Contrary to MBSE and tool-vendor Muddle-Driven Marketecture hype, the differences between the SysML and UML modeling languages are more lightweight
in nature than heavyweight
. This should be expected since SysML was originally designed to be used by Systems Engineers collaborating with Software Engineers applying UML for software analysis and design, and SysML is defined as a modestly extended pragmatic subset of UML 2. (See SysML FAQ: Can SysML and UML model elements be combined in the same model?
) Indeed, although SysML adds two useful diagram usages to UML (Requirements diagrams extend UML Class diagrams; Parametric diagrams extend UML Class & Composite Structure diagrams), the other diagrams that SysML borrows from UML are either largely reused without modification (e.g., Use Case, Sequence, State Machine diagrams) or are modestly tweaked with lightweight customizations called stereotypes that lack substantive semantics: e.g., renaming Classes as Blocks and adding lightweight syntax and semantics for physical item flows; adding stereotypes to Activity diagrams without bona fide executable semantics.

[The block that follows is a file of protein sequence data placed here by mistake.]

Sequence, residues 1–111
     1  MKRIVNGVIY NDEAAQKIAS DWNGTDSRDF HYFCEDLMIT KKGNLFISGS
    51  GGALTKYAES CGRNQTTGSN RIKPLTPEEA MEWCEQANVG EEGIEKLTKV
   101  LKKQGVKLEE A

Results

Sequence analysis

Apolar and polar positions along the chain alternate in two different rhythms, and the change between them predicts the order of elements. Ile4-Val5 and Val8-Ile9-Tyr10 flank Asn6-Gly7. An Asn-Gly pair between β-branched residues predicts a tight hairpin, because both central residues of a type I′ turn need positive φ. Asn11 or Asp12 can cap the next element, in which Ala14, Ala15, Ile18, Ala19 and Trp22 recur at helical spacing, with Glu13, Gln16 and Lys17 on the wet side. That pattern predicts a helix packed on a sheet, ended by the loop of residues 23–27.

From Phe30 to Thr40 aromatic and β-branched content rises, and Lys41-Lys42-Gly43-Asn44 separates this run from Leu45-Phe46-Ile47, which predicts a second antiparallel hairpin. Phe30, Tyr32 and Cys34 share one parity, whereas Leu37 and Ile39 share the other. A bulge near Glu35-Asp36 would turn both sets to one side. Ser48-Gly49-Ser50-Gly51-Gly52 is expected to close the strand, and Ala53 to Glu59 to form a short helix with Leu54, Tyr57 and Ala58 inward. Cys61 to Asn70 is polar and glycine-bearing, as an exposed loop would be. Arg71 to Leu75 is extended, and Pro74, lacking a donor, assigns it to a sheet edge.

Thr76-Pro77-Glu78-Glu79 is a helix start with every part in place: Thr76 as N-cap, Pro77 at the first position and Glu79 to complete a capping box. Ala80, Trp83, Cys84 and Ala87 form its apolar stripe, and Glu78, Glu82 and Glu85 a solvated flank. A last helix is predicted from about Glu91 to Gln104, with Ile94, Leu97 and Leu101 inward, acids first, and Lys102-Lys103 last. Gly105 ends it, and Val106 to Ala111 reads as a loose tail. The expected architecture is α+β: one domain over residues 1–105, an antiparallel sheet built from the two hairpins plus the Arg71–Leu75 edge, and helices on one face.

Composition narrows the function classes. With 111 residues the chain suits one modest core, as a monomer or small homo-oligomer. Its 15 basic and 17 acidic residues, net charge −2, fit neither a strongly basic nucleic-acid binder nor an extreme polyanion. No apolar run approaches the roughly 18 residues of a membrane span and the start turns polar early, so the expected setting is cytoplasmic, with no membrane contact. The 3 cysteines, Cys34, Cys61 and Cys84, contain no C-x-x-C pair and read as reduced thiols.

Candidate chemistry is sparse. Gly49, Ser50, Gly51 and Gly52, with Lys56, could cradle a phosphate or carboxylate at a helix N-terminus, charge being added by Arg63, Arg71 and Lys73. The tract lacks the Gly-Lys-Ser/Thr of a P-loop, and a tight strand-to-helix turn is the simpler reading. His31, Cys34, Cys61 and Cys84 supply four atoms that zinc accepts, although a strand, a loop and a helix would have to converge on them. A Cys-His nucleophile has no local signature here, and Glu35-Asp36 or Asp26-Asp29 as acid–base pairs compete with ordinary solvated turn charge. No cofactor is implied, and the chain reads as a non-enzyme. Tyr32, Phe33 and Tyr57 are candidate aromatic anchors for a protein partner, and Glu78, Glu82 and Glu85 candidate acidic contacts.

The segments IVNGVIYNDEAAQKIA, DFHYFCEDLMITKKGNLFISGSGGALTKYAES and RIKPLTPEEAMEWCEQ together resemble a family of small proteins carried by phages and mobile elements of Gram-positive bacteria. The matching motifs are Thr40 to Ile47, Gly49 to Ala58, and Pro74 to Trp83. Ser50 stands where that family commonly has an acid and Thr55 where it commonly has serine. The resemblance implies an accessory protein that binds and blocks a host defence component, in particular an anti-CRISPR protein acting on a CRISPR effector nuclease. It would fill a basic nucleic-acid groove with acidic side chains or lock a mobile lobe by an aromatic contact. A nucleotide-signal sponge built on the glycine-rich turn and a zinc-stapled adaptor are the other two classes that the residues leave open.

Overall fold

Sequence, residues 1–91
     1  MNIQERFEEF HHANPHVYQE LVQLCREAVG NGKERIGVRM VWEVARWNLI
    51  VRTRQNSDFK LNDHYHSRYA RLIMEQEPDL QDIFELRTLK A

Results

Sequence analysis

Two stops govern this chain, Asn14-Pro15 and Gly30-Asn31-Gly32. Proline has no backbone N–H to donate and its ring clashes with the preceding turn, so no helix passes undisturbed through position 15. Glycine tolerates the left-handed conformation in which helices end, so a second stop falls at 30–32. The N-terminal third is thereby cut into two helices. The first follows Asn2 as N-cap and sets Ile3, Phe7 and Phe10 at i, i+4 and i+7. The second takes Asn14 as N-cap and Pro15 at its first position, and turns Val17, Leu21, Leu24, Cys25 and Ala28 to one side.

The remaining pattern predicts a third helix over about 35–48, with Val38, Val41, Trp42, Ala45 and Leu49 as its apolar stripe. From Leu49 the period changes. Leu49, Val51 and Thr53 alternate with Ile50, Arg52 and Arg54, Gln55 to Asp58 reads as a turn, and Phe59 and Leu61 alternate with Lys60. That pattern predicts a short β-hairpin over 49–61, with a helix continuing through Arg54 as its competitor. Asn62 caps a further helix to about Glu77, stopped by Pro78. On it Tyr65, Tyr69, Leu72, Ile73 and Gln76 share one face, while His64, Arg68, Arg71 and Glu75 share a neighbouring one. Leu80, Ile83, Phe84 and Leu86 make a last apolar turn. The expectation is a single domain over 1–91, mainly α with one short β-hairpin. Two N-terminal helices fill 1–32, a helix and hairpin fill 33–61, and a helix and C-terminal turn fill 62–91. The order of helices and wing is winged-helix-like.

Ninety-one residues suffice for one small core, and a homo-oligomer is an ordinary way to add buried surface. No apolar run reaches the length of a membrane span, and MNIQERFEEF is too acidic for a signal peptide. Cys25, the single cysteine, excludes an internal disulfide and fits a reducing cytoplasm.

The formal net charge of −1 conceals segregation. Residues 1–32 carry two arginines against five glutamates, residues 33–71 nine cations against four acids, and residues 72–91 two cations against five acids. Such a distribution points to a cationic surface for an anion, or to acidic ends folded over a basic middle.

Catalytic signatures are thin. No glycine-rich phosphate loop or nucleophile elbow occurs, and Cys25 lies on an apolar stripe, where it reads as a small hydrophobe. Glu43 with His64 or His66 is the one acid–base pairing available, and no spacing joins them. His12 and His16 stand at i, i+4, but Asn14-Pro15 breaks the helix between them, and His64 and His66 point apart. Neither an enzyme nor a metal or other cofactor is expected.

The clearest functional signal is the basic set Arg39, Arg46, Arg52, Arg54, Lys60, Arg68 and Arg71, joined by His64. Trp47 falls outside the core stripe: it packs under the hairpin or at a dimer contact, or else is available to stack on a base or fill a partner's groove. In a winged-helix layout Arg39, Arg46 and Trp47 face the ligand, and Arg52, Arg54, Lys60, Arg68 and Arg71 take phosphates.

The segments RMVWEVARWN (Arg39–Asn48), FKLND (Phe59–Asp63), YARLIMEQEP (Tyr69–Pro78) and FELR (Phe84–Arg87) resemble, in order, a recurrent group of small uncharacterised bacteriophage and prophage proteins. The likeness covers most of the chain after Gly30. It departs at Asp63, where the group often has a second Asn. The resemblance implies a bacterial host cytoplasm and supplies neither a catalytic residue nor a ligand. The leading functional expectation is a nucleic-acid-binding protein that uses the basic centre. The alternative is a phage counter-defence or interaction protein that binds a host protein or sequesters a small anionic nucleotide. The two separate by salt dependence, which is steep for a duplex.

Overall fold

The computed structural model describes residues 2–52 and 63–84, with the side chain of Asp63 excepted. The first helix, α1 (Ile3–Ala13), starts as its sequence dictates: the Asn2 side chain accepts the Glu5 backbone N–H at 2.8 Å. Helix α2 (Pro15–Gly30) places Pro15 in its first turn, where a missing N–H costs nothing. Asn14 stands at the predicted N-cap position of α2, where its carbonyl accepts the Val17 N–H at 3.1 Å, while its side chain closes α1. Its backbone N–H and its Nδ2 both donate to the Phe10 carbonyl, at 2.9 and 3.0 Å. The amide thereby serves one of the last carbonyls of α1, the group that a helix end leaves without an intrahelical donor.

SysML is defined as a lightweight dialect (Profile) of UML 2.x, the industry standard modeling language for software-intensive applications. (The SysML Profile is lightweight
in the sense that the changes that it makes to the underlying language are relatively modest in scope and extent, using a small number of simple stereotypes, tagged values and constraints. Compare and contrast with a heavyweight
Profile, which could significantly impact how the underlying language is used.) The advantage of defining SysML as a UML Profile is that it can reuse the relatively mature notation and semantics of UML 2.x, which many modeling tool vendors have already implemented. The disadvantage of specifying SysML as a UML Profile is that SysML inherits many of the problems associated with UML 2.x, such as gratuitously complex notation, imprecise semantics, and a dysfunctional diagram interoperability standard (XMI).